all those tv shows and podcasts have it wrong: the truer the crime, the more tedious. That's because the lion's share of American murders fit a predictable template. Whether the setting is the Bronx in the 1980s, South Central Los Angeles in the 1990s, Oakland or any number of midsize cities today, one finds the same broken gold chains, self-published books and shabby mortuaries; the same candle vigils and Russian roulette; the same petty slights, retaliation, snitching taboos and grisly walk-up executions. More is the challenge, then, for the serious chronicler of American violence. Jonathan Green takes a head-on approach in "Sex Money Murder," his detailed account of a federal takedown of a Bronx drug-trafficking crew in the heyday of crack cocaine. Seeking to bridge two familiar forms - the police procedural and the gang-redemption memoir - Green tracks cops and killers by turns as events draw them together. "Pipe" is an 11-year-old gang recruit living in the Soundview Houses of the Bronx in the 1980s. Pete, an older teenager, is his friend and mentor, from a middleclass family but close enough to the crack maelstrom that he easily crosses over. The two youths and their crew - Sex Money Murder or "SMM" - set out to build a profitable drug operation in Soundview, eventually spreading the franchise to other states and aligning with the Bloods. At its height, the crew forms a legal corporation, brazenly named SMMC Inc., to launder proceeds. Meanwhile, a New York police officer named John O'Malley, also a Bronx native, becomes a homicide detective. He sees the work as fruitless in an era when unseen black victims died by the thousands in unsolved murders. O'Malley eventually becomes a United States attorney's investigator, allowing him to deploy the formidable resources of the feds against surging gang violence and the SMM crew. Tension mounts as one suspect after another cuts a deal to cooperate. O'Malley and company are pushing upstream. Early in the book, Liz Glazer, a federal prosecutor who works with O'Malley, coins a derisive term for the cases her colleagues consider more worthwhile: "boy food." She's referring to the testosteronetinged enthusiasm her fellow feds display for Mafia investigations, in contrast to their disdain for street-gang cases. Her point is that their priorities are misplaced. Not only is she right, but the concept of "boy food" applies more broadly. Public interest in violence has long tilted toward outlier cases deemed especially exciting, relatable or outrageous. America's appetite for highbrow whodunits, tabloid true crime, noir reprises, miscarriages of justice may be benign enough as a pastime. But because the same taste also rules journalism, advocacy and policy, it distorts the criminal justice system. "Sex Money Murder" is not boy food, thanks to its faithful depiction of the dismal banality of gang crime. One senses at points that Green wants to reach for novelistic flourishes, but he's restrained by better impulses. The book reconstructs events long past and Green is bound by the available sources, mainly investigative records and interviews with members of the gang. Rather than try to compensate for the material he's missing, he bets on plain language and diligent documentation, and allows his sources' unfiltered remembrances to take center stage. The result is as straightforward an account of the sordid tedium of gang life as exists anywhere. Green's narrative reveals Pete, Pipe and the rest to be casually, habitually murderous, assaulting and threatening people with impunity because no one will testify against them. They see fighting as "a form of politics" and before they are out of their teens their criminal acts are so numerous as to blur together; it's surprising they were able to recall them. Without question, these same young men are also victims of stolen childhoods and shriveled opportunities. But they are no less menacing for that. When the feds finally catch up with them, the SMM boys have grown accustomed to such routine brutality that they seem surprised to learn their habits are illegal. After an especially vicious 1997 killing, one member is taken aback by the ensuing media attention: " He thought that this was just going to be a commonplace projects murder." Green captures a level of detail that marks this work as exceptionally authentic. He conveys the grandiose manner of many older gang members, and their attraction to pseudo-intellectual sophistry (one character considers himself an acolyte of Machiavelli). He faithfully follows the thread of innumerable petty dramas that punctuate gang life, and highlights the strange centrality of envy, something many observers miss. It can be hard to keep track of the throngs of characters and myriad feuds, but Green gets his teeth in and hangs on, teasing out deeper truths of the crew's world - namely, the flatness of social relations and the explosive potential of even silly conflicts. Insiders will recognize real-world touches: the bookish spectacles one defendant dons for court, the feral dogs that roam gang neighborhoods, the civilian police employee who passes tips to her gangmember nephew. For outsiders tempted to believe the solutions to criminal justice challenges are simple or obvious, this book is a corrective. It shows that, wherever impunity and lucrative black markets overlap, violence is useful and easy. Ordinary kids may become remorseless killers who shoot at cops and view second chances as a license to do more harm. That Green fails to penetrate the emotional blankness of his SMM subjects is not his fault. Defensive and often pompous, they veer between self-justification and glum resignation. Green is sympathetic, but does not seek to make them more intriguing than they are. In so doing, he shows the folly of "boy food" and scores an implicit point: Murder may not be interesting. But it surely is important. JILL LEOVY is the author of "Ghettoside: A True Story of Murder in America" and a senior fellow at the University of Southern California's Annenberg Center on Communication Leadership and Policy.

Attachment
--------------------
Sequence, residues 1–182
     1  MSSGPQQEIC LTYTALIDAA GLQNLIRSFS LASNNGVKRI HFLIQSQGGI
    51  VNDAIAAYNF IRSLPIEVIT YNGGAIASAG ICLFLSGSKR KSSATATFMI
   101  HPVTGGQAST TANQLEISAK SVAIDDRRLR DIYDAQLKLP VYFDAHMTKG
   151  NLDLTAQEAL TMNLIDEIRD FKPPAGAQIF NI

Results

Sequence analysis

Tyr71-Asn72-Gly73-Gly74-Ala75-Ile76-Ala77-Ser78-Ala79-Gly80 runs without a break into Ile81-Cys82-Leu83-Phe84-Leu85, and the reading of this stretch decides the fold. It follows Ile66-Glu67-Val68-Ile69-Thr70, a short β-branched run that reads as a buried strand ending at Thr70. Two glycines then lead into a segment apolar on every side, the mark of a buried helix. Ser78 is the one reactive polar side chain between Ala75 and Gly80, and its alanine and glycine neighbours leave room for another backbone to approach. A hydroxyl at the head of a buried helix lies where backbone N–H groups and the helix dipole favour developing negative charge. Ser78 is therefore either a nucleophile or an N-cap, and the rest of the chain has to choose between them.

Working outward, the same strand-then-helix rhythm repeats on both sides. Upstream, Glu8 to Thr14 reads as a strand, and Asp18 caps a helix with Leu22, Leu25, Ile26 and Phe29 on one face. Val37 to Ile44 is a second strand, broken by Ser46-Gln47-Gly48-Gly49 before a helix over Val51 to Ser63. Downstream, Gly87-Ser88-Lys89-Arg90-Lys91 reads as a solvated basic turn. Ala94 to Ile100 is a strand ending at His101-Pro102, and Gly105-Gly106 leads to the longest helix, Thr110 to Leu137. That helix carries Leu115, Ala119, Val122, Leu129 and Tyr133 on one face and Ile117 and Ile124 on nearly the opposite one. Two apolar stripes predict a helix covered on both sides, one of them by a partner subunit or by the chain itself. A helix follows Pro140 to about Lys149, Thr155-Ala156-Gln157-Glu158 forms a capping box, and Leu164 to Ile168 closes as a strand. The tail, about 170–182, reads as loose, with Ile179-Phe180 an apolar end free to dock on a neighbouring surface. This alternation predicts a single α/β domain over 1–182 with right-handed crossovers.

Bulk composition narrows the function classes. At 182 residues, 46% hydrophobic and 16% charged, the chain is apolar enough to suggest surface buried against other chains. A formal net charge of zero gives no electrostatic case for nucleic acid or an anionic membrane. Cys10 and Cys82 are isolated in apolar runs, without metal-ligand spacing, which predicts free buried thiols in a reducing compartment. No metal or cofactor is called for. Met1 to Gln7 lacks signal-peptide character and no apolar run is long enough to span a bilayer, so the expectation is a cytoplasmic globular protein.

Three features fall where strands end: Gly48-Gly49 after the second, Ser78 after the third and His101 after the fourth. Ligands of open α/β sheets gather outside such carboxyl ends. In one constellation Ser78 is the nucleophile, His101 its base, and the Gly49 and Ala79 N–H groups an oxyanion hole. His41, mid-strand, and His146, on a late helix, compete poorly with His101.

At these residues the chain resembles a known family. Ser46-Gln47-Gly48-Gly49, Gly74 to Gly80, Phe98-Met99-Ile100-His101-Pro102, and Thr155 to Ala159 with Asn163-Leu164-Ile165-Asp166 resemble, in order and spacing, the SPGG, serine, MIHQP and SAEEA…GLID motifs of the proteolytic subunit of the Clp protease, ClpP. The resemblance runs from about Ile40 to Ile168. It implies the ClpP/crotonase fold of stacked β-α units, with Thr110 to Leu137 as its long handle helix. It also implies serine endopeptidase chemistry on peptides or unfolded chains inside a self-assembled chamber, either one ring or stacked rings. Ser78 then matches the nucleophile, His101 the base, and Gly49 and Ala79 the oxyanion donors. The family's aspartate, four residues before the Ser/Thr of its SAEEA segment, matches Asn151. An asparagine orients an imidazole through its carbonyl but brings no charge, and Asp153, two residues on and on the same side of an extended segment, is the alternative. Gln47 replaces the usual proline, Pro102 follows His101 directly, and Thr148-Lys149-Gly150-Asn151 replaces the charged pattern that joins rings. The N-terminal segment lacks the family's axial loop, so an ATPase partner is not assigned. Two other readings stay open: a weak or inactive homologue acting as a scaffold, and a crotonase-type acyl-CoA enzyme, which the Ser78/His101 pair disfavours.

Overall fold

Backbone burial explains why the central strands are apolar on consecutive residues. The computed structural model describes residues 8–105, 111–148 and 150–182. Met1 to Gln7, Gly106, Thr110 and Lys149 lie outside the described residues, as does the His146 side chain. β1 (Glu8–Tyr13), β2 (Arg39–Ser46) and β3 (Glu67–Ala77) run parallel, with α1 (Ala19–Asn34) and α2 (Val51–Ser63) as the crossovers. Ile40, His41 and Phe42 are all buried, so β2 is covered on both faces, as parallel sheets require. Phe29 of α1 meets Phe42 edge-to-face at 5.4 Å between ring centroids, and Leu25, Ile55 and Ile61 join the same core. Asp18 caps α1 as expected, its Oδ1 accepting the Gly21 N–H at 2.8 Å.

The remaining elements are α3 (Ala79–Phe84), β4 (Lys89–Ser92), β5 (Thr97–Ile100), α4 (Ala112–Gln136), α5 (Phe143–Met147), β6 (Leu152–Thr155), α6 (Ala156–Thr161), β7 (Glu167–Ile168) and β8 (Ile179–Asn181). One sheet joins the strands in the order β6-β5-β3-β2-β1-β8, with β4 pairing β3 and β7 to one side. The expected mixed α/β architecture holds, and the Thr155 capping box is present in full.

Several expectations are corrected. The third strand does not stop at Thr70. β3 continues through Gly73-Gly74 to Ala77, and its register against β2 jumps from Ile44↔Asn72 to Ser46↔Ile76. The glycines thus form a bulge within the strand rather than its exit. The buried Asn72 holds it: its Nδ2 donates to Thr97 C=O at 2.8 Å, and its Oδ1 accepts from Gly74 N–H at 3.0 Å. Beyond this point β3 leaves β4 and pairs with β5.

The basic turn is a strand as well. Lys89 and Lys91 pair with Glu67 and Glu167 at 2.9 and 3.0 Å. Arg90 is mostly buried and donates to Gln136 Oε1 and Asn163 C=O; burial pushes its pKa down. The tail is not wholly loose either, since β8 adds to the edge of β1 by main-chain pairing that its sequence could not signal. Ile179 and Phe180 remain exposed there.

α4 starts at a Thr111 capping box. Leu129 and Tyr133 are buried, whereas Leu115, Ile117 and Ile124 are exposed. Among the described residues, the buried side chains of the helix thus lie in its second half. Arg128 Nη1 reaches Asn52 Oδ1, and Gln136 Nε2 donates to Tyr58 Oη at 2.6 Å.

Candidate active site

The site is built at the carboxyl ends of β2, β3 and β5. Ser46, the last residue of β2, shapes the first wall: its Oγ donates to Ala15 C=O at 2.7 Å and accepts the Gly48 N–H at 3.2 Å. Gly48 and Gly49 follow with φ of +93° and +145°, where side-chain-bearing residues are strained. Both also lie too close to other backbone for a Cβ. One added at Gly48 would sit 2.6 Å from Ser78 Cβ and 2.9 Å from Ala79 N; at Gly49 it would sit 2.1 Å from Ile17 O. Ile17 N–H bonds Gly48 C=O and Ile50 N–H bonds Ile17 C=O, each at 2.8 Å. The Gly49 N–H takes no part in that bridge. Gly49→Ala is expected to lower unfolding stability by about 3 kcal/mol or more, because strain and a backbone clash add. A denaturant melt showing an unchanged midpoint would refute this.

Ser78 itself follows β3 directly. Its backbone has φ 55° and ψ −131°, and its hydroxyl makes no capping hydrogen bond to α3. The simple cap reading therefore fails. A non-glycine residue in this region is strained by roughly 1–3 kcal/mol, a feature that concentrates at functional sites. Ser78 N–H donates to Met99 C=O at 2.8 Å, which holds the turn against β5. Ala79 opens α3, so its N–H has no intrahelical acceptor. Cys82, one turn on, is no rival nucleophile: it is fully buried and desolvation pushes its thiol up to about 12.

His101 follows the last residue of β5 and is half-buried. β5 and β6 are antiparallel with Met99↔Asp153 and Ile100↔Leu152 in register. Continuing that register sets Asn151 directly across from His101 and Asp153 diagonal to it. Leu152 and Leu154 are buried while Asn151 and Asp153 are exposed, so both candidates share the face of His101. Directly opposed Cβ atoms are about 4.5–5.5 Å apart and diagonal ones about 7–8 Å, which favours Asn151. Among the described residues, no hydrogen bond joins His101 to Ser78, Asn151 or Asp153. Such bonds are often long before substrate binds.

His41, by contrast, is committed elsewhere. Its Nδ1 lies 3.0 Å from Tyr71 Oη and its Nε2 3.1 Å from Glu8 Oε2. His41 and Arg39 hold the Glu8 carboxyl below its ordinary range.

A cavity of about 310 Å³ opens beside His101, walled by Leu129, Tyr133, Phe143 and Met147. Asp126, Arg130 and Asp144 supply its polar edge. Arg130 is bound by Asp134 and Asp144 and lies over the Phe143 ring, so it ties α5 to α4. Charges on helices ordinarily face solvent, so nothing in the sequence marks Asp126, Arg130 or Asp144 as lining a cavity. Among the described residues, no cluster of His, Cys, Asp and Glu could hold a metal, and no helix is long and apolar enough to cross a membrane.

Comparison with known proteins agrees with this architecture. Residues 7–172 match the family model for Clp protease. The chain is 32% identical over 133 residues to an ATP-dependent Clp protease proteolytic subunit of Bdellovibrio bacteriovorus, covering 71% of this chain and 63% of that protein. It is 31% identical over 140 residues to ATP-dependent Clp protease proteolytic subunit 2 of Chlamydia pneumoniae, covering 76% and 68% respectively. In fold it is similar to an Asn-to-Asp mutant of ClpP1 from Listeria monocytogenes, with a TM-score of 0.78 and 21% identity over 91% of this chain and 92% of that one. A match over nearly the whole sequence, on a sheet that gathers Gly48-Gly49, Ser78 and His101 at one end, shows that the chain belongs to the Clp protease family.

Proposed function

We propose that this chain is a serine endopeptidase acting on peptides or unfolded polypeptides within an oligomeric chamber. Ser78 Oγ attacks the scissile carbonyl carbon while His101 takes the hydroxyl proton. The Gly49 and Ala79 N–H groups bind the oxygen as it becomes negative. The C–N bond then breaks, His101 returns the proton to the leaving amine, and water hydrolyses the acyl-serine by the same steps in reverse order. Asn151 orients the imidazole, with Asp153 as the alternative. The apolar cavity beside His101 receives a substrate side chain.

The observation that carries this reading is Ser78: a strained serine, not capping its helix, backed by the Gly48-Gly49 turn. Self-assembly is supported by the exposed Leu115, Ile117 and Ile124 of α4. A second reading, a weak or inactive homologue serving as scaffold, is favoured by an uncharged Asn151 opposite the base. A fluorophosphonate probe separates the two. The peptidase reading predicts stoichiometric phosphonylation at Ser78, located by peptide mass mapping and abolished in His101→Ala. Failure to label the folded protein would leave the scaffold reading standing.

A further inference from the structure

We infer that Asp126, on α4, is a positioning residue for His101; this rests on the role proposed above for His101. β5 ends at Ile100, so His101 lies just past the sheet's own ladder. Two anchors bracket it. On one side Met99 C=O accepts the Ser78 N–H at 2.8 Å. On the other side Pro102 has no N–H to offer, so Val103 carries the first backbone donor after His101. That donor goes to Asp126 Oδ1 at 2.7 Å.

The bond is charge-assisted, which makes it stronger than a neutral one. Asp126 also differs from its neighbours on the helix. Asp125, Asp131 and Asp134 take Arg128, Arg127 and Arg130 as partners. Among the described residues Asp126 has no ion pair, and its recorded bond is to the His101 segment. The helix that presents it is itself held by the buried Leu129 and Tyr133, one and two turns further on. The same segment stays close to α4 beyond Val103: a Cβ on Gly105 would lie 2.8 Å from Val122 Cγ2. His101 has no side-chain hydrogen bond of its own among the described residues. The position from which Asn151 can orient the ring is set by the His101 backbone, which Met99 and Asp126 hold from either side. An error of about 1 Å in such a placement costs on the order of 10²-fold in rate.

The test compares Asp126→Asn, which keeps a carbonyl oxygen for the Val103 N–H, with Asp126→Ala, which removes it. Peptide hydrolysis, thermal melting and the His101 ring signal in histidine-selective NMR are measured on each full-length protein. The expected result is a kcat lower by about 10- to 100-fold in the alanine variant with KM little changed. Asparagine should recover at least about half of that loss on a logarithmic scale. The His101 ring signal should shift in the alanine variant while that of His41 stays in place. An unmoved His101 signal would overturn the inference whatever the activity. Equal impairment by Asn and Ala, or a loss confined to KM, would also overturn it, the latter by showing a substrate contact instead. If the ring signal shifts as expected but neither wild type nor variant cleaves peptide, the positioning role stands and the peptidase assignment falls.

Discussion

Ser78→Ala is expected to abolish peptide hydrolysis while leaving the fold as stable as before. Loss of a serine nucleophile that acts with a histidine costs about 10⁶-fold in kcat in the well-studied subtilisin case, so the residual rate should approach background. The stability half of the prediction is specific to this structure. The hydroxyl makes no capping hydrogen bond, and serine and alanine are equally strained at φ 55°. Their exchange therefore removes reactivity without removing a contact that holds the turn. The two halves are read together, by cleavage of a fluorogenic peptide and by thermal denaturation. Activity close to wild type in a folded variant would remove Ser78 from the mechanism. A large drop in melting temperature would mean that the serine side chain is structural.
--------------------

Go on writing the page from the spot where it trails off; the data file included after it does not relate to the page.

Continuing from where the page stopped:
Table of Contents

Author's Notep. xiii
Act I Soundview: The Genesis of Violence
Prologue: The Roofp. 3
1 Li'l Gunbusterp. 15
2 DO Not Yield to Evilp. 27
3 Hit a Killer, Be a Killerp. 41
4 The Ledger of Deathp. 60
5 The Kids From Cozy Cornerp. 71
6 The Birth of Sugar Shaftp. 85
7 Kidnapped: Blood Begets Bloodp. 94
Act II The Rise of Sex Money Murder
1 Gold Shield #1944p. 113
2 Sex Money Murderp. 123
3 Comap. 138
4 Pipelines of the Gamep. 145
5 Money Bathp. 154
6 Justicep. 172
7 The Murder Gamep. 179
8 Gimme the Lootp. 197
9 Bloodp. 208
10 Nasty Boysp. 223
Act III Ultraviolence: The Fall of Sex Money Murder
1 The Fistp. 231
2 The Officep. 247
3 Thanksgivingp. 257
4 "Make It Reign"p. 270
5 Bangin' For Their Ratsp. 284
6 Myth's Endp. 302
7 Dropping the Flagp. 327
8 5Kp. 348
9 Exilep. 357
Epilogue: "The Streets Don't Love You"p. 371
Postscriptp. 385
Acknowledgmentsp. 387
Select Bibliographyp. 391
Indexp. 395